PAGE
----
Homework is not something that many students, parents, or even teachers enjoy. Teachers have to grade it, parents have to help with it, and students have to worry about completing it on time. Despite its negatives, homework is still widely assigned in traditional school systems as a way of continuing the learning outside of the classroom. Because there is a lesser focus on the full understanding of topics during lessons, this homework often works as a patching together of the lesson through repetition.
In a Montessori classroom, the focus on the lessons is much more emphasized than in traditional schooling, meaning that they don’t have to rely on repetition for students to learn and understand the information being taught. By emphasizing hands-on learning and taking the time to explore concepts in-depth, these classrooms work to build greater connections with the learning materials and content. This helps children to absorb, retain, and use the information more effectively, removing the need for homework and opening the free time to be better used.
Without needing to spend the time on homework, you and your child gain free time that can be spent working to improve your child’s development overall so that they can become well-rounded. To make the most out of this time, consider the following activities to encourage development.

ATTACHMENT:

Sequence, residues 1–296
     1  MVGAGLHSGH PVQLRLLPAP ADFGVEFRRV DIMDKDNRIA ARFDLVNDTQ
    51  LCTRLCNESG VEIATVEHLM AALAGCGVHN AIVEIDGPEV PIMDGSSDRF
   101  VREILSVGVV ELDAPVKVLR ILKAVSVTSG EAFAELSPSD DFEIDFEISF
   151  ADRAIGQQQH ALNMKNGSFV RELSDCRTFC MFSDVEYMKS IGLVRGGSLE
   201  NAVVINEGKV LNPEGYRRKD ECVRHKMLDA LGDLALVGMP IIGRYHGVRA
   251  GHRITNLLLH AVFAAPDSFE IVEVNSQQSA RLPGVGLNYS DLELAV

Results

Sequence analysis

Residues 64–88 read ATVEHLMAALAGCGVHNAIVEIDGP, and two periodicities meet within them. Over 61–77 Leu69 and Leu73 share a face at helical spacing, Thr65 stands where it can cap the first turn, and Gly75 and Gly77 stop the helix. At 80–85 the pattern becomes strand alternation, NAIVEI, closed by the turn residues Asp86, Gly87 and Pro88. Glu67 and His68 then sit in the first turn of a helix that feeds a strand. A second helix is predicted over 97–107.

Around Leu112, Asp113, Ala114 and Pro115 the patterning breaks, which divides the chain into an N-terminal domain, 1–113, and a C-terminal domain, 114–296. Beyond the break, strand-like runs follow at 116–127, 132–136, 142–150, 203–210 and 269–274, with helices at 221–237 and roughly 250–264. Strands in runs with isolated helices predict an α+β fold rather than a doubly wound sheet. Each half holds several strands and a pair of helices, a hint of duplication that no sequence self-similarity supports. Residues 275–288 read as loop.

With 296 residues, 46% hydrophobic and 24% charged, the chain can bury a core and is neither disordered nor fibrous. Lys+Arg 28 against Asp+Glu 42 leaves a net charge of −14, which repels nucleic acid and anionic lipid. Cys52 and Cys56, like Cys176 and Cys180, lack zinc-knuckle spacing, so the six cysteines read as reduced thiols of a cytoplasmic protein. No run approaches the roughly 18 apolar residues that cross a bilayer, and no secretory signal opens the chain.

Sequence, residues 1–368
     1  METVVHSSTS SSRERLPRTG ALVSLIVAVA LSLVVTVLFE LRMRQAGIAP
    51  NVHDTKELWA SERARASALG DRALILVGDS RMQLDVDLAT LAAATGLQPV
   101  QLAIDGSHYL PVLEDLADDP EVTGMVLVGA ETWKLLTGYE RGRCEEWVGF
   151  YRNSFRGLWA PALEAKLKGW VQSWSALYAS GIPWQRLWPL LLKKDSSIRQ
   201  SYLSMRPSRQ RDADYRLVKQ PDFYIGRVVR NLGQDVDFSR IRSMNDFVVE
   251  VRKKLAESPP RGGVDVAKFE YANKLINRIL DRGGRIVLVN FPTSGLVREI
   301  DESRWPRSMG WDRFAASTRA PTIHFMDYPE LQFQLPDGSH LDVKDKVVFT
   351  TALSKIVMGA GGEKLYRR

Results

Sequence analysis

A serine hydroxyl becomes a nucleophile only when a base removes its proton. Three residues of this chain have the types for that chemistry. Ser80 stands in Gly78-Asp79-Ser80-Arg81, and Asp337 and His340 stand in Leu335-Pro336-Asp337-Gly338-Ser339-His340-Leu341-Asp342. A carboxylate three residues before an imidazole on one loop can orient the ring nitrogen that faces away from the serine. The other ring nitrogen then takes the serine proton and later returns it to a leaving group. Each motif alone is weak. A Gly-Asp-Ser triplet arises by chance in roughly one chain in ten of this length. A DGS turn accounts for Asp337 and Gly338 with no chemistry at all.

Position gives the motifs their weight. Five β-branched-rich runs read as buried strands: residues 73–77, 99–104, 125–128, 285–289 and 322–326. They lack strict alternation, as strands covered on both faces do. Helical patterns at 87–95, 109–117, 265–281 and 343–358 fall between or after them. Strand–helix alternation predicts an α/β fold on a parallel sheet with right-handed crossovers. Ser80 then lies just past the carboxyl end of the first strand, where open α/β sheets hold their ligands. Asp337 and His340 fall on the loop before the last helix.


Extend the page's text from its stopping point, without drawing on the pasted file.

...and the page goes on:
With so much new information being presented to them, kids can sometimes be overwhelmed by learning, and homework doesn’t help. Research has proven that taking time to relax and recharge allows children to see learning as less of a chore and more of an activity they enjoy and are motivated to do.
Spending time with family also helps to develop social skills and strengthen the bond with your child. Reading or watching TV together, talking, and other activities help children become more comfortable at home and help reinforce the importance of family, making them more likely to behave.
Far too often children have to choose between homework and after-school activities. As demonstrated by the Montessori Method, activities and hands-on learning are just as important to development as learning new information. The lack of homework allows for children to play outside, join a sports team, and explore their own interests in order to develop greater coordination and a greater interest in learning.
From collecting laundry to cracking eggs for a meal, there are tons of everyday tasks children can help with around the house. Including them in your routine can help to teach them valuable skills and encourage independence as they try new things and learn practical skills outside of the classroom.
Children of all ages dislike homework, and many would benefit from excluding it from the school curriculum entirely if it was replaced by a greater focus on learning in school. Fortunately, Montessori classrooms are ahead of the curve and already employ the best approach to help students develop into well-rounded children for years to come.
Admn February 8th, 2018
Posted In: About The Montessori Method